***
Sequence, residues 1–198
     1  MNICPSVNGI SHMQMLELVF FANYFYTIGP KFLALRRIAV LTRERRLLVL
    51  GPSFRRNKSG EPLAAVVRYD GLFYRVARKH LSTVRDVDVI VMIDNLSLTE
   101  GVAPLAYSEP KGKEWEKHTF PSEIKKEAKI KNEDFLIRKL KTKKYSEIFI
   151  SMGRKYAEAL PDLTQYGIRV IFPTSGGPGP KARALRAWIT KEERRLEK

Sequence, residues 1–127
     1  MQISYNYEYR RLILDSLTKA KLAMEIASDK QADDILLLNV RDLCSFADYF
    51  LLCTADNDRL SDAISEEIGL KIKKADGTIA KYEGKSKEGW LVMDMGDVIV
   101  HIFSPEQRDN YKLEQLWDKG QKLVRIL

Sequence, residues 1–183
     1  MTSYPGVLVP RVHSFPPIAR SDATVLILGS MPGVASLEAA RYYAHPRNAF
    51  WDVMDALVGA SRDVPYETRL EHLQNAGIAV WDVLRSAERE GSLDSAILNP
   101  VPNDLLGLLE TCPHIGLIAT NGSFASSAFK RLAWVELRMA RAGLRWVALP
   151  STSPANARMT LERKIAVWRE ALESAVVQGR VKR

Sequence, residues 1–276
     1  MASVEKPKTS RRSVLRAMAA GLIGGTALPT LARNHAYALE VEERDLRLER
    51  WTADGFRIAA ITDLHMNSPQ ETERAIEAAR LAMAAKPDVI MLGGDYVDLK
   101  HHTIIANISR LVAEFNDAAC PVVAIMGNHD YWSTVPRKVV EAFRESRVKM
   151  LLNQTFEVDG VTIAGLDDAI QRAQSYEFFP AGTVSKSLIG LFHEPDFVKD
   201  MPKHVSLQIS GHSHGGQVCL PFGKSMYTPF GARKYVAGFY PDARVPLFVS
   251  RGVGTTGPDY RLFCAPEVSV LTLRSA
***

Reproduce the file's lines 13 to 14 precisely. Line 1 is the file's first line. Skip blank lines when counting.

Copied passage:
   101  VPNDLLGLLE TCPHIGLIAT NGSFASSAFK RLAWVELRMA RAGLRWVALP
   151  STSPANARMT LERKIAVWRE ALESAVVQGR VKR